Smith Reintroduces Rural Health Care Bills
Congressman Adrian Smith (R-NE) has reintroduced two bills to help ensure access to quality health care for rural Americans. H.R. 169, the Critical Access Hospital Relief Act would remove the 96-hour precertification requirement for patients at Critical Access Hospitals. H.R. 170, the Rural Health Care Provider Relief Act would delay physician supervision requirements at critical access hospitals for at least a year until the impact of the rules is studied.
“Long distances between facilities and a shortage of doctors make access to health care in rural America challenging enough without the heavy hand of the federal government,” said Congressman Smith. “These two bills would help ease the burden of arbitrary and burdensome regulations on Critical Access Hospitals, and ensure rural Americans are not placed at a further disadvantage.”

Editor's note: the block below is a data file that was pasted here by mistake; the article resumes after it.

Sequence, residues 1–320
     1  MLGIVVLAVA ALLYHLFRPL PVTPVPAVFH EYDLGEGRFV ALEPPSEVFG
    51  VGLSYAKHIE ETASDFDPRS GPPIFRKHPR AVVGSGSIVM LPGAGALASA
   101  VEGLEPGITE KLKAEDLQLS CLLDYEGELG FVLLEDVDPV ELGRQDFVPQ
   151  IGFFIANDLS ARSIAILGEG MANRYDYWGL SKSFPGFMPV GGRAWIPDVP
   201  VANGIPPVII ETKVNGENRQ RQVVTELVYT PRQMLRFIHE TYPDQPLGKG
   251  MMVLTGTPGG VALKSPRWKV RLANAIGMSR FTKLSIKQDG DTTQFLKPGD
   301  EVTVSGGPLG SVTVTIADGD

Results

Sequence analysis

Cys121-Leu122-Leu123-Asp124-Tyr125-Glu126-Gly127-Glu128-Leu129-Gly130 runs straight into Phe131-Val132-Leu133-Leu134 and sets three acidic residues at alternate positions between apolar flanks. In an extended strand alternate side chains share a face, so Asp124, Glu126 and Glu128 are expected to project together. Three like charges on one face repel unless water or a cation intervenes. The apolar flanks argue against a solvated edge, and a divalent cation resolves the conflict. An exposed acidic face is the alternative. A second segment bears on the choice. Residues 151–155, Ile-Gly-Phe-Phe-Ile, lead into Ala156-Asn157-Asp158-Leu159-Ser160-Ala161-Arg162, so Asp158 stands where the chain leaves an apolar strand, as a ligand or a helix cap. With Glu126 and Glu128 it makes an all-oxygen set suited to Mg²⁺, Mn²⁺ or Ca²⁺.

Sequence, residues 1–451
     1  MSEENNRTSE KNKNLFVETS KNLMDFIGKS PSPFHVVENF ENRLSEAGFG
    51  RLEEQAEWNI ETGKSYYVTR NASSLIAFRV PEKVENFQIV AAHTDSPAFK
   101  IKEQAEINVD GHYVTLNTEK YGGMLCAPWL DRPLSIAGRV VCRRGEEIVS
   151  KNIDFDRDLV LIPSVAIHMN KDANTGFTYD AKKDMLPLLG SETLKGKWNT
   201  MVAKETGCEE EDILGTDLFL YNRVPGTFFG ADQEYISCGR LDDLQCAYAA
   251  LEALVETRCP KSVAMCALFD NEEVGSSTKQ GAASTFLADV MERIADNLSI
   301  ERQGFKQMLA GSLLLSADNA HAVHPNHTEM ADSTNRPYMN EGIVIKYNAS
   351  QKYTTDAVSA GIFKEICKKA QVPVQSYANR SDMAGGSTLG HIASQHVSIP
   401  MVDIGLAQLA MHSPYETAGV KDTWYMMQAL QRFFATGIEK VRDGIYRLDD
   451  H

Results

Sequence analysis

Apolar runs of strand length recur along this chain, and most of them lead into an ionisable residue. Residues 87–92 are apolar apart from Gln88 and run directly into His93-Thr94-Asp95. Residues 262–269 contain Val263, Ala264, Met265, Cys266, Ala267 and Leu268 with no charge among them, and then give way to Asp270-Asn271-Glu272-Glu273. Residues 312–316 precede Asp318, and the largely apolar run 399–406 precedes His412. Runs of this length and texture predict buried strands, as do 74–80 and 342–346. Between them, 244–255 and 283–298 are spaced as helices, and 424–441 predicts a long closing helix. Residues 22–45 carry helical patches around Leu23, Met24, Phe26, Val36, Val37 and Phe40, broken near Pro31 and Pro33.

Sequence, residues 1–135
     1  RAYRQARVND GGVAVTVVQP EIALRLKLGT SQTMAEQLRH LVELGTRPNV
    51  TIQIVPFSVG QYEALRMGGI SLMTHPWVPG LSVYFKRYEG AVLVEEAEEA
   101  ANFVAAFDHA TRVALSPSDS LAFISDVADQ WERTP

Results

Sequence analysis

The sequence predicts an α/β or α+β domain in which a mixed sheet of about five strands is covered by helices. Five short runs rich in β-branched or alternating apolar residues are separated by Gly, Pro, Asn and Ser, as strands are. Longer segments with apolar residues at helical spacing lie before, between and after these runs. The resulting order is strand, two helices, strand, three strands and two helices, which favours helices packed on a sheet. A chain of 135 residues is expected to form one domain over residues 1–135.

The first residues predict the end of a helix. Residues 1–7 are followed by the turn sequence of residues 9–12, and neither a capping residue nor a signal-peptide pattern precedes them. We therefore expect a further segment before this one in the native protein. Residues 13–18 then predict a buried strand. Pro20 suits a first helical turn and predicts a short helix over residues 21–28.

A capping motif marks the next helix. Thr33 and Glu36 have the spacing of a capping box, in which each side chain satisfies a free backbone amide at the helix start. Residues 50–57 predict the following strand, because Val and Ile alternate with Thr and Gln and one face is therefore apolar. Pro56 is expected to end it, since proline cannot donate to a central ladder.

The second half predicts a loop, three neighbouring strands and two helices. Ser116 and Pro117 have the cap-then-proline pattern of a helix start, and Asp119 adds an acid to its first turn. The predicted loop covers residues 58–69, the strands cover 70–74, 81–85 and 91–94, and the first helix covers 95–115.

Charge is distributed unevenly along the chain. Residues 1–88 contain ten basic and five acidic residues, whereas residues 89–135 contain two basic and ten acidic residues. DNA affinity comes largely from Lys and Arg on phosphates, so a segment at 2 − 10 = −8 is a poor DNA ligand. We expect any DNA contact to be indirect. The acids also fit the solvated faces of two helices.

The 96-hour rule requires physicians at Critical Access Hospitals at the time of admission to certify Medicare and Medicaid patients will not be there more than 96 hours. Otherwise, the hospital must transfer the patient or face non-reimbursement.
Physician supervision rules require a physician’s presence and supervision over nearly all routine procedures administered in hospitals. The Centers for Medicare and Medicaid Services (CMS) previously delayed enforcement of this rule for Critical Access Hospitals, as did Congress through 2014. However, as of January 1, 2015 these rules are once again being enforced.